Store your resources in your very own folder.

Sign in or sign up today!

Find out more

Childminders’ focus

Add to My Folder

This content has not been rated yet. (Write a review)

By Allison Leechildminder, author and trainer.

Allison Lee offers advice on keeping records; planning the Early Years Foundation Stage (EYFS) for children cared for before and after school, and provides some simple ‘Minibeasts’ activities

Expert advice

Keeping records

If you keep records about other people on your computer, it is worth knowing that for data protection purposes, you may need to notify the Information Commissioner’s Office (ICO) that you are a ‘data controller’.If you keep all your childminding records on paper, then you do not need to notify the ICO. Neither is it necessary for you to inform the ICO if you keep information about the names, ages and addresses of the children and their parents, details of payments or any data for staff administration on a computer, providing this is purely for accounts and records purposes.

However, if you keep more extensive records, or information of a sensitive nature, for example, health or development records on a computer, then you will need to contact the ICO.

Since the introduction of the Early Years Foundation Stage (EYFS) in September 2008, many childminders now keep records about each individual child’s development on their computer and, if this is the case in your setting, you should notify the ICO.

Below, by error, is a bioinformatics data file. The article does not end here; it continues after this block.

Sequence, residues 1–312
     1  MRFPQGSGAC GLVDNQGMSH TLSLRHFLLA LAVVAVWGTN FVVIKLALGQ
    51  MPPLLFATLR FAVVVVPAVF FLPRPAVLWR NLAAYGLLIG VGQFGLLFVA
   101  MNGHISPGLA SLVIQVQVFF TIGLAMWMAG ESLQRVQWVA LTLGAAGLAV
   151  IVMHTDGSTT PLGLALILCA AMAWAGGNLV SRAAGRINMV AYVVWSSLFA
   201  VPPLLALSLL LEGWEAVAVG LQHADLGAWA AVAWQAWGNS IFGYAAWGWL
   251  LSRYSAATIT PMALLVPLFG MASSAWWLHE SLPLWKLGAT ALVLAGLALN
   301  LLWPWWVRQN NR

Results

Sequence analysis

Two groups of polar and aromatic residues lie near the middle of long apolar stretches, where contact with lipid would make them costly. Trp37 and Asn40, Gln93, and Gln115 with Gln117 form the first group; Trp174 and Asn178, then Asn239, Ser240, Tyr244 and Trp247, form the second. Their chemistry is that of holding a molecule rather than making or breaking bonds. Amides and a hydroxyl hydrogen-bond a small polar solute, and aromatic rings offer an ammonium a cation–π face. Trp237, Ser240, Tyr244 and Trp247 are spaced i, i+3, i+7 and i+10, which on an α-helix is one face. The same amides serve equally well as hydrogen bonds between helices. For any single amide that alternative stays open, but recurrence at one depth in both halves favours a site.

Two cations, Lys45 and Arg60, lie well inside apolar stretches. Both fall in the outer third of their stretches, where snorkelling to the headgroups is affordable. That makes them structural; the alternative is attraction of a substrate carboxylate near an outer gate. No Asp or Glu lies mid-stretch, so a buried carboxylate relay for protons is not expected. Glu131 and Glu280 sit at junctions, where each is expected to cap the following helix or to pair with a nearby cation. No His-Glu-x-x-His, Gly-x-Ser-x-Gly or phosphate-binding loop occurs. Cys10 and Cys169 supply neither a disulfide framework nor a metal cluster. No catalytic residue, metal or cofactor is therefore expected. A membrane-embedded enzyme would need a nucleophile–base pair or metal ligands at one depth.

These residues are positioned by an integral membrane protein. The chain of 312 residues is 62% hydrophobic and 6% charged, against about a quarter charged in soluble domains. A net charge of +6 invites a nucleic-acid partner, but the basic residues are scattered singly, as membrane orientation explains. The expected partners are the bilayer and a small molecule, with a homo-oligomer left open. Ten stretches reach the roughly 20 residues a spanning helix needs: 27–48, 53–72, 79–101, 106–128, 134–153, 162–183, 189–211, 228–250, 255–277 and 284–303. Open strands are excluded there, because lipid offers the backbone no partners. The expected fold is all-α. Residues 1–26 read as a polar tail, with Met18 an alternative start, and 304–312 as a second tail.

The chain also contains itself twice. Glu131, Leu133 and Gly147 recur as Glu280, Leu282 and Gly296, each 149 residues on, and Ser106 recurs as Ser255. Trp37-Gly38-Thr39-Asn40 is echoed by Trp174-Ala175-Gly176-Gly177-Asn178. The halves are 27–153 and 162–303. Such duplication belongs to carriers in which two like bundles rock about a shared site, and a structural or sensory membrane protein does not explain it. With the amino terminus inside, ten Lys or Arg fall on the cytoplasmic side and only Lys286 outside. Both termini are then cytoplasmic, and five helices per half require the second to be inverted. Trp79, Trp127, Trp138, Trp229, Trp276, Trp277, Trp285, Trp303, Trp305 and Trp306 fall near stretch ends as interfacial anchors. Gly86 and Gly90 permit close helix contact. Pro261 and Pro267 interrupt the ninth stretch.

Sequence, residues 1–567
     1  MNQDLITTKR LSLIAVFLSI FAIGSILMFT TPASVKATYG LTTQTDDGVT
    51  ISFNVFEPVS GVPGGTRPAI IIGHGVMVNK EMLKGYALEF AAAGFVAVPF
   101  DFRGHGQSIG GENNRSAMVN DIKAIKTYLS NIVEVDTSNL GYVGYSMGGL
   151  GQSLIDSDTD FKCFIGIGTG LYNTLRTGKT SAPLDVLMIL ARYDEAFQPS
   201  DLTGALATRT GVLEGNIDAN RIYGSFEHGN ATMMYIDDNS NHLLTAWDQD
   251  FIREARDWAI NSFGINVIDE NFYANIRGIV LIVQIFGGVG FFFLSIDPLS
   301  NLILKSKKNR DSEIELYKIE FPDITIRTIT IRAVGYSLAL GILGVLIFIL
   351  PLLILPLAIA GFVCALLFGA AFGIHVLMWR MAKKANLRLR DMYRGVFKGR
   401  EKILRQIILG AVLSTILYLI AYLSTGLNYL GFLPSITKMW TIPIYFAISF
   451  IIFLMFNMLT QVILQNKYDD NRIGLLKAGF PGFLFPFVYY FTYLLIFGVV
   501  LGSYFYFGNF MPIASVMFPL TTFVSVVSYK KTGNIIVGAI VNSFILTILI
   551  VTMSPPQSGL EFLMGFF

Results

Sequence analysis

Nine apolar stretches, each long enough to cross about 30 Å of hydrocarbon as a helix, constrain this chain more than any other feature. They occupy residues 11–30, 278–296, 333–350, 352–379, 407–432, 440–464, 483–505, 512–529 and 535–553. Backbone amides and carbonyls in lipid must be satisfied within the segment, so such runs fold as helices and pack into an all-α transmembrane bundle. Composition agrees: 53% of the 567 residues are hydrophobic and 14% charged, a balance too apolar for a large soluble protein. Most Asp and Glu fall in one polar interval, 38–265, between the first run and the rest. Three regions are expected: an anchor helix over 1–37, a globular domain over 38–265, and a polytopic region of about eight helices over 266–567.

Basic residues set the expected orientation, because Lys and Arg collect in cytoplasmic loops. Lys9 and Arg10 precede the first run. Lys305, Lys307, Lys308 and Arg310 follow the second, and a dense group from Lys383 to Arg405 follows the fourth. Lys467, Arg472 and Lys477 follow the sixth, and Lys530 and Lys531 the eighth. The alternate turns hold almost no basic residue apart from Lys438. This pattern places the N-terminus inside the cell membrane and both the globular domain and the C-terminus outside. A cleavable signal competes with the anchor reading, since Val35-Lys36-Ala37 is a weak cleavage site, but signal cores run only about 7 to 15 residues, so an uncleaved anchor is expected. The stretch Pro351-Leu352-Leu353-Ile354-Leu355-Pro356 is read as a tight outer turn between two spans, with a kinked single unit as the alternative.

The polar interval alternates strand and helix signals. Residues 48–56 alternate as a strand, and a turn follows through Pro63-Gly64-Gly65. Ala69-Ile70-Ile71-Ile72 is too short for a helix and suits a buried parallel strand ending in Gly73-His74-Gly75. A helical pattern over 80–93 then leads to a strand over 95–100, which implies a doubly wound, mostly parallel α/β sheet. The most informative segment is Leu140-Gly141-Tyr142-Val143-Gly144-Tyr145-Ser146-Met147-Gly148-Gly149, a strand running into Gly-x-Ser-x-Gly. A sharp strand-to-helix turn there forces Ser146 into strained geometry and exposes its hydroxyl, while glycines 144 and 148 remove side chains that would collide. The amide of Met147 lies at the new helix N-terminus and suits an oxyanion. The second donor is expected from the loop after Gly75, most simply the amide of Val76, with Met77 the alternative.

The notification costs £35 per annum, and you can either complete your notification online at or request a form by telephoning the Notification Helpline on 01625 545745.


I have started to care for children before and after school. What will Ofsted require to see in terms of planning for the Early Years Foundation Stage?

In this instance, you would not be the main carer of the children, therefore you would not be the main deliverer of the Early Years Foundation Stage – this would be the responsibility of the school. You will however be required to liaise with the school, and it is good practice to plan your own activities to complement the topics taught in the school. This is something that you could discuss with the teachers and perhaps plan accordingly.



Make a bug

Create your own minibeast

Problem Solving, Reasoning and Numeracy

What you need

Different-coloured pieces of card; crayons or paints; marker pen; stickers; glitter; sequins; glue; child scissors.

What to do

Cut six circles, squares, rectangles or triangles from the coloured card. Encourage the children to paint or colour the shapes. Glue the shapes together to form a body. Using a marker pen, draw a face on the first shape and add legs to the bug. Invite the children to decorate the bug with stickers, glitter and sequins. Encourage the children to recognise the different shapes used for the body, count how many legs the bug has and the number of body sections.

Minibeast exploration

Go on a minibeast hunt in your outdoor area

Knowledge and Understanding of the World

What you need

Small bucket; trowel; magnifying glass; large piece of white paper.

What to do

With parental permission, take the children outdoors to hunt for minibeasts. A good place to look for worms is in damp earth. Earwigs can be found under small rocks and plant pots while, in the summer months, ladybirds, caterpillars and greenfly can be found on plants. Encourage the children to gently put the minibeasts in a bucket.

Tip the contents of the bucket on to a large piece of white paper and invite the children to look at them closely through the magnifying glass. Talk with the children about the colour and shape of the minibeasts.



Advertise here